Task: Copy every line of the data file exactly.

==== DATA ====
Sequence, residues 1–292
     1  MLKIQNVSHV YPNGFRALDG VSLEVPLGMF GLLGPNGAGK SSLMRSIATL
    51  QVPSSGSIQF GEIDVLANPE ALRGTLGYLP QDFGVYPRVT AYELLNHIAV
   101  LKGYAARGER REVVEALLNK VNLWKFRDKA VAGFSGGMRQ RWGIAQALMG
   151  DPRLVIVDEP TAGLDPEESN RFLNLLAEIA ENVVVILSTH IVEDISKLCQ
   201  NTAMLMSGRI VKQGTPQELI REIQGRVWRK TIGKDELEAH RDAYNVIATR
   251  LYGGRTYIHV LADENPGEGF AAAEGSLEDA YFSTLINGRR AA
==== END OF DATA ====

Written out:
Sequence, residues 1–292
     1  MLKIQNVSHV YPNGFRALDG VSLEVPLGMF GLLGPNGAGK SSLMRSIATL
    51  QVPSSGSIQF GEIDVLANPE ALRGTLGYLP QDFGVYPRVT AYELLNHIAV
   101  LKGYAARGER REVVEALLNK VNLWKFRDKA VAGFSGGMRQ RWGIAQALMG
   151  DPRLVIVDEP TAGLDPEESN RFLNLLAEIA ENVVVILSTH IVEDISKLCQ
   201  NTAMLMSGRI VKQGTPQELI REIQGRVWRK TIGKDELEAH RDAYNVIATR
   251  LYGGRTYIHV LADENPGEGF AAAEGSLEDA YFSTLINGRR AA